Aboard Air Force One
En Route Dallas, Texas
3:47 P.M. EDT
MR. GIDLEY: Okay, I know we have kind of a short flight into Dallas, so I’ll go ahead and just open it up for questions now.
Q What was the President’s reaction to the Russians visiting North Korea?
MR. GIDLEY: I haven’t spoken with him directly about that. I know that his main focus now is on the potential meeting with North Korea and trying to denuclearize the Peninsula. We now know that we’re going to welcome the North Koreans to D.C. tomorrow. And we understand there’s a letter coming, and we look forward to receiving that letter and trying to work toward our ultimate goal of denuclearization.
Q Who exactly is coming tomorrow? Is it just the same people that met with Secretary Pompeo?
MR. GIDLEY: I don’t have the details of everyone who’s coming. I defer you to State on that. They have that information.
Q Will the President be meeting with these officials, or is it a lower-level meeting?
MR. GIDLEY: It’s my understanding Kim Yong Chol is coming and has the letter from Kim Jong Un. But I don’t know all of the other players involved that will be coming.
Q And still no idea of what the content of the letter might be?
MR. GIDLEY: No. It’s my understanding that it’s a sealed letter, so I have not seen it.
Q Would the President make the content of the letter public no matter what it says?
MR. GIDLEY: I can’t — I’m not going to guess on what he’s going to do with the letter.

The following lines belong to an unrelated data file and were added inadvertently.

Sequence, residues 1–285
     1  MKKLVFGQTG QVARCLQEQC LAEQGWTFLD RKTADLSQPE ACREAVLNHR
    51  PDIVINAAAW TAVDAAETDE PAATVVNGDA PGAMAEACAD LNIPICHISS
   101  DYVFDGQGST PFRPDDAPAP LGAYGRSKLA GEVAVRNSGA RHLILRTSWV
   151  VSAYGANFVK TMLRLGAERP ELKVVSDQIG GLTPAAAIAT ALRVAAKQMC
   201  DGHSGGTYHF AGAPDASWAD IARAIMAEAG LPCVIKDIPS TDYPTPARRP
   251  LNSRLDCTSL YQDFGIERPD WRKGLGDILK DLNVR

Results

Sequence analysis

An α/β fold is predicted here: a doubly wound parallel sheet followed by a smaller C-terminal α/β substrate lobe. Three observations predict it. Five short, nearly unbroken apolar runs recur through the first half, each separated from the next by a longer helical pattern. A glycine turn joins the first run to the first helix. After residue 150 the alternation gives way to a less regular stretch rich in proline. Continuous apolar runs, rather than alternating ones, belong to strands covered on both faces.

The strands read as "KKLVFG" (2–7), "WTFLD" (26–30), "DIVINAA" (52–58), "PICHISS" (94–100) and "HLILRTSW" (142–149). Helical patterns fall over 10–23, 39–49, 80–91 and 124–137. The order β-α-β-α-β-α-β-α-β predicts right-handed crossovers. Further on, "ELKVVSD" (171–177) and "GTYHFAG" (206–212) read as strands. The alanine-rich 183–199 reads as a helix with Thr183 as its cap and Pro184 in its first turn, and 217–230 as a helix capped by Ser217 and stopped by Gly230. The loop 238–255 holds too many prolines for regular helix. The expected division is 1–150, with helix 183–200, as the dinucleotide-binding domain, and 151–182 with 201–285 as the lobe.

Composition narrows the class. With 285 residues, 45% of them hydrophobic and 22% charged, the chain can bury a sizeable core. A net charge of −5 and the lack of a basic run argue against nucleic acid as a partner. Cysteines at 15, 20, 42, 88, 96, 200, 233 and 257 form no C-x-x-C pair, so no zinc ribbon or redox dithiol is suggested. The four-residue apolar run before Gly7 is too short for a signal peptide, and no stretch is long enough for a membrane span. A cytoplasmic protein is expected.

Q Do you expect the President to meet with him in the Oval Office for extended talks, or is just a handover of the letter?
MR. GIDLEY: Again, I’m not going to get ahead of the details, because we don’t know them yet. I’m not exactly sure what the plan is. They’re still working those out now. States — for any details, I defer you to State.
Q Can you tell us who the President met with in Houston at the meeting, at the airport hangar, and how it went and how he received them?
MR. GIDLEY: I don’t want to get into the private meeting as it relates to the grieving families that experienced such a horrific tragedy. But it was very impactful. It was a very emotional time. They’ve suffered a great loss and a great tragedy. And out of respect for them and the grieving process, I’m not going to get into the details of the meeting.
Q Can you just give us a sense as to, were these the families of people who were killed, were they first responders? Do you have kind of — even just — even not names, but can you categorize the kind of people he met with?